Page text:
I know. It seems so passe. Everything’s on the Internet these days. No one uses cookbooks anymore.
Well I do.
Nevermind, all the Epicurious searches or lunches spent surfing food blogs, I still have opened up Better Homes and Gardens‘ red and white classic so many times you can spot the flour and cookie dough. Page 85 lemonade base; page 117 cornbread. But even that classic I could do without. Many of its recipes, most tried and true, can be found elsewhere.
So I took a look at my shelf and narrowed it down. What cookbooks could I really not live without. Here they are:
The Silver Spoon. Call it the Better Homes and Gardens of Italy or Mastering the Art of Italian Cooking. It breaks down all the standard Italian recipes and ones you won’t find on the Internet. The type you get handed down from nana. Since my family’s originally from Sicily, it’s also nice to see what the northerners do. (Although, the southerners do it better.) The book’s organized by ingredients, but it’s alphabetical in Italian, so you’ll need to use the index unless you already know the Italian alternative. For example, swordfish comes before halibut in Italian. You can learn everything from how to clean squid to how to make ice cream the Italian way, which is to say correctly.
Charcuterie: The Art of Smoking, Salting and Curing. (Michael Ruhlman & Brian Poleyn) Unless you have the stomach for watching sausage being made, and being elbows deep in meat, this book probably isn’t for you. Have the time to spend eight hours smoking meat? Fantasize about building a shed to cure salami in your backyard? Then this is the quintessential book for you. It helped us perfect sauerkraut and bratwurst.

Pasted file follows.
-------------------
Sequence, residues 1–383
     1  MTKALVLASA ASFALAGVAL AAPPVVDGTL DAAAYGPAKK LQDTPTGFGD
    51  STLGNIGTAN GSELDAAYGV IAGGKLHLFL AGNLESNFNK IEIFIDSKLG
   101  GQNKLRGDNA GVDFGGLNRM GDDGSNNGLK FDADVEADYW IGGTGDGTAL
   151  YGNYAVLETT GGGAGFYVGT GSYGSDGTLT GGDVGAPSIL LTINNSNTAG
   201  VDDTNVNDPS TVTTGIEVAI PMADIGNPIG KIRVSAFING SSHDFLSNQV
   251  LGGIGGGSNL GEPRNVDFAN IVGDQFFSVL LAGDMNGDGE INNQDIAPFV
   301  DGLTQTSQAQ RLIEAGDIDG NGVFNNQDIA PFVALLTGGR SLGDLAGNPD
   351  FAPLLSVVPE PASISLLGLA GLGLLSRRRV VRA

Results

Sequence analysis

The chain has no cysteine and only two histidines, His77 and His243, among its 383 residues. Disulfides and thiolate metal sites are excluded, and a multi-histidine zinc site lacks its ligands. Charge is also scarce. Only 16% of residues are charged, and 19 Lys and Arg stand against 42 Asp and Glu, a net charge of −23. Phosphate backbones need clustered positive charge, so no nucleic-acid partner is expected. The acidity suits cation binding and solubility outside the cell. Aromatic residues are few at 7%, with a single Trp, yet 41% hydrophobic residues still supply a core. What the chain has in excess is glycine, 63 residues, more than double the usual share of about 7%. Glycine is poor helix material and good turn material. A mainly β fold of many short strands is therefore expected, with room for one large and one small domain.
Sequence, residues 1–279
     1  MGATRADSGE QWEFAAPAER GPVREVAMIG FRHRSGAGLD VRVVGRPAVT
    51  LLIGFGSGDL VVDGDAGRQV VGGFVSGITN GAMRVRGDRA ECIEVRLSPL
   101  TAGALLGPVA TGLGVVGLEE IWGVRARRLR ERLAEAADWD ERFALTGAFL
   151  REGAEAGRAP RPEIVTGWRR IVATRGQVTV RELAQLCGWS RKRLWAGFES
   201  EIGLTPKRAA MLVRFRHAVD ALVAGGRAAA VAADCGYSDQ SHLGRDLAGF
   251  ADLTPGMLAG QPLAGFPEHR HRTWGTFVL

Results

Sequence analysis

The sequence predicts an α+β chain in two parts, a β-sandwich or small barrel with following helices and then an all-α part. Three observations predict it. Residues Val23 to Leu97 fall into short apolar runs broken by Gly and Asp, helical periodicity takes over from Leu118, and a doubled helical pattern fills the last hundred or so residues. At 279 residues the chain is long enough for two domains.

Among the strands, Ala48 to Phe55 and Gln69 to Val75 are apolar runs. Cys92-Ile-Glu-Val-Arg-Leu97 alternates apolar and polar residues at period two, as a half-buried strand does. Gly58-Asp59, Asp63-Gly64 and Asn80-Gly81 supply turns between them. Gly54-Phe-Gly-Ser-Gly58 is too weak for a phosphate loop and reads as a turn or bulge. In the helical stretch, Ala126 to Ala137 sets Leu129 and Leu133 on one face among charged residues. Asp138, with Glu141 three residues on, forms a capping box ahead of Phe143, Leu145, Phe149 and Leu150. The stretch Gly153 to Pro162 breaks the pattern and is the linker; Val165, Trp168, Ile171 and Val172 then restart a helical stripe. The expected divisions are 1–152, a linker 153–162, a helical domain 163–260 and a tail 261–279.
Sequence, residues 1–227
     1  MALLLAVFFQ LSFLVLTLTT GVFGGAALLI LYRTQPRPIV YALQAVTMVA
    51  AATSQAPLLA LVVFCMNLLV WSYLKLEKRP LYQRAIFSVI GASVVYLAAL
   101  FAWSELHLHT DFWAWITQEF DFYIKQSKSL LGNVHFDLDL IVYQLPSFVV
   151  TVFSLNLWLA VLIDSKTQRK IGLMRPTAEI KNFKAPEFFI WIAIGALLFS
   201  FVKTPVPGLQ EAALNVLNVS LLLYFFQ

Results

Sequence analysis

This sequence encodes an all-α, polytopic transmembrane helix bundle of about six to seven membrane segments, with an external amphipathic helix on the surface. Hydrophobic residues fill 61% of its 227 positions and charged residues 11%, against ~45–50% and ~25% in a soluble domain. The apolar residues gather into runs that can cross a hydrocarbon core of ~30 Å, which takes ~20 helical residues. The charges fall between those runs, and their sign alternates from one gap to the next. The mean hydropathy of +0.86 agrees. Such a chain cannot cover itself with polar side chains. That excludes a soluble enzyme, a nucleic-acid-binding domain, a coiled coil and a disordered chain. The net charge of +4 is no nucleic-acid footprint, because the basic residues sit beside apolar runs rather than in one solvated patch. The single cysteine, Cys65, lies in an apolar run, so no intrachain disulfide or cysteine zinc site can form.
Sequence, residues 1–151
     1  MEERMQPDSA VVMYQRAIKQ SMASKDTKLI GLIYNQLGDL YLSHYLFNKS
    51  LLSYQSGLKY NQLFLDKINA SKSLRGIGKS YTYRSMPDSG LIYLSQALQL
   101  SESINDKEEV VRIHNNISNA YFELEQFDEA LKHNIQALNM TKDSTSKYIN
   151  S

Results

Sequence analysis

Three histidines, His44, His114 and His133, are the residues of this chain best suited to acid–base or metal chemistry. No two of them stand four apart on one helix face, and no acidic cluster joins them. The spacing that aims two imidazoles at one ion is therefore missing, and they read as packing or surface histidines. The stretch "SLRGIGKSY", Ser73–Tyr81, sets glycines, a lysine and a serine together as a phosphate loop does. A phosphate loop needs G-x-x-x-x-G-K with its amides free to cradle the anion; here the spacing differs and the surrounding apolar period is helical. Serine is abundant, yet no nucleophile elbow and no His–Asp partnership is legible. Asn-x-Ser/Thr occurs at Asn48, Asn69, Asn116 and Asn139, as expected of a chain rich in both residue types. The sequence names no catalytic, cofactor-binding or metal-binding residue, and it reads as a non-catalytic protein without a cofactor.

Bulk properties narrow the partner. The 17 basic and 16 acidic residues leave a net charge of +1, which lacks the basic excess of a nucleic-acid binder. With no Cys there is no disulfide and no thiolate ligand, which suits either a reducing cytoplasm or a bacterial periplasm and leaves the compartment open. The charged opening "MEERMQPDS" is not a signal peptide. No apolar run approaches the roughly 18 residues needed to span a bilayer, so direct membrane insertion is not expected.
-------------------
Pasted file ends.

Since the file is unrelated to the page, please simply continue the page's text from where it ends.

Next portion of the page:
The Bread Bible (Rose Levy Beranbaum) You knead this. Sorry, couldn’t resist. I learned to knead dough and throw doughnuts in high school, working in a bakery. In baking, so much depends on the feel of the dough. The rest takes guidance, and really good recipes. Store-bought bread is expensive and it doesn’t hold a candle to what you can create with your own two hands. The book spends ample time on technique and breaks down using a mixer or food processor, versus kneading by hand. Recipes can be advanced, but many are accessible, even for beginners.
Mastering the Art of French Cooking (Julia Child). For the record, we got this for a buck, before the movie came out. And no, we haven’t tried every single recipe. There’s a reason the word art is in the title. The recipes are exquisite, masterful. The technique is unparalleled. My wife can’t stand the flip back involved. Spinach gratin (page 471) calls for spinach braised in stock (earlier on page 471) , which calls for chopped spinach (page 469). As an Italian, I find French cooking somewhat overrated. Too much butter, not enough olive oil. But they’ve got their sauces down. I’ll give them that. Not to mention Julia Child was exceptional at making a country’s cuisine accessible to anyone who was interested.